20 Satisfying Hobbies and How to Get Them
980 days ago
Outside of work, what do you do? What else would you like to be doing? Freshly inspired by women who have written about their hobbies here on the Cut and elsewhere, we present this “Get a Hobby” starter kit for anyone looking to try something new. Below, you’ll find 20 activities to test-run for your own personal enjoyment (or failure!), with links and helpful suggestions from people who have tried these diversions before.
1. Learn a Language Online
After writing about the lives of young women in Saudi Arabia, the Cut’s news editor Jessica Roy started learning Arabic with the language-learning website Italki. “Italki connects you with native speakers around the world who teach language classes over video chat,” she says. “It’s much more affordable than classes in New York, and I love being able to contribute to the teacher’s local economy.” Instructors set their own prices, so costs per class vary. Jessica paid $15 for a one-hour class.
2. Apartment Gardening
Yes, millennials are obsessed with houseplants. But how do you keep them alive (meaning: sunlight versus water?), and which ones should you buy? Jazmine Hughes, associate editor at The New York Times Magazine, recommends the resilient heart-shaped leaves of a pothos. “Under conditions that would murder most living things, a pothos is liable to reach between six and ten feet if kept in its container,” she wrote. Our editors suggest starting with the YouTube video “Apartment Living: Ten Tips for Indoor Plants.” We also talked to the manager of the trendy Brooklyn garden and flower shop Sprout Home for a list of stylish garden accessories. (If you choose a cactus, here’s how to not kill it.)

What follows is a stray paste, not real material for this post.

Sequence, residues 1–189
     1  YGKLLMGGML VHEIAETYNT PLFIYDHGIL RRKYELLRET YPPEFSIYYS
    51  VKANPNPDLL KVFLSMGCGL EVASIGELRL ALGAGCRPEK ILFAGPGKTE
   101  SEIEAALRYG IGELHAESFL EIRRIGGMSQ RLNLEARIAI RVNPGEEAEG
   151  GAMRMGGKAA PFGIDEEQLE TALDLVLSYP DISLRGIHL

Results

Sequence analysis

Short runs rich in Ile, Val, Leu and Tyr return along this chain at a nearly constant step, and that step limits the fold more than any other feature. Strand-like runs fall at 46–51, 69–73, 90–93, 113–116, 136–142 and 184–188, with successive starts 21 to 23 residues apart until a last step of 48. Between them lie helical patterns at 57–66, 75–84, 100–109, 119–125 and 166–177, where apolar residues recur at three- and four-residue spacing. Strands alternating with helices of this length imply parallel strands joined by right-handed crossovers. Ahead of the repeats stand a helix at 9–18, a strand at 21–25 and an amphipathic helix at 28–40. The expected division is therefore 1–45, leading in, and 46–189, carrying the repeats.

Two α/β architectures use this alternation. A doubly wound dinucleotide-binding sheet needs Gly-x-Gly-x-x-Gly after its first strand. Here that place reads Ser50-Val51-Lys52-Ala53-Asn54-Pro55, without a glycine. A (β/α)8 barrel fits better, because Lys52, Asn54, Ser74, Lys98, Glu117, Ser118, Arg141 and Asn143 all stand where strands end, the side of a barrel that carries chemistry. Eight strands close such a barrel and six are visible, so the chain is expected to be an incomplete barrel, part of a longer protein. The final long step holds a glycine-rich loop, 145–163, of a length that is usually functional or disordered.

3. Floral Arranging
Perhaps you long to be an Instagram florist or a chic flower farmer like the sensationally successful Erin Benzakein of Floret Flowers. Two excellent goals! For beginners, we suggest freakebana, the new ugly-cool style of arranging whatever the hell you want. As coined by the Cut’s president and editor-in-chief Stella Bugbee, freakebana is a cousin of ikebana, a traditional Japanese art form. “[Freakebana] components are more likely foraged from the corner deli, as opposed to a Shinto garden,” she wrote. “Say: pink carnations, cubes of jello, an air plant, and Maldon salt crystals.”
4. Cooking, Baking, Entertaining
Become a domestic goddess like Martha Stewart, Ina Garten, Maya Angelou, and Nora Ephron by learning how to cook and/or bake for yourself and for your friends. For beginners, Stella recommends these 12 stylish, basic kitchen utensils. Consult our feminist cookbook for recipe ideas, or learn how to bake bread with this YouTube tutorial.
Brooklyn’s hippie urban clay-makers turned the meditative hobby into a flourishing profession. Our editors recommend the tutorial videos on Tortus Copenhagen. Here is everything to buy to at least look like a ceramist, including artsy coveralls to wear at the wheel and the right nail brush.
A psychologist told us to start meditating for just five minutes with this simple technique: Inhale and count to four, hold at the top of your breath for two seconds, exhale for four seconds, and hold the breath for two more seconds. Repeat. Read her guide for easy ways to start meditating at home.
7. Hiking and Camping
Before following in Cheryl Strayed’s footsteps like thousands of people did after the publication of Wild, try camping with strangers on a New York City rooftop with Bivouac, a free urban camping event series (bivouacnyc.com). If you decide to go out and rough it in the actual wilderness, here are the best hiking accessories and outdoor tents to buy.
Pussy-hat owners and cashmere enthusiasts can start knitting with this 20-minute step-by-step YouTube tutorial “How to Knit: A Complete Introduction for Beginners,” recommended by our editors. Soft, bespoke cashmere yarn is the most luxurious way to go.
Embarrass yourself and take an improv class to learn to think fast, trust yourself, and connect with an audience. Plus, we hear it’s actually fun. New Yorkers can take a class at theUpright Citizens Brigade Training Center (our editors recommend the class called “Improv 101: Improv Basics”). And anyone can start with the YouTube video “The Business: Improv & Sketch Comedy,” which introduces improv training techniques and styles.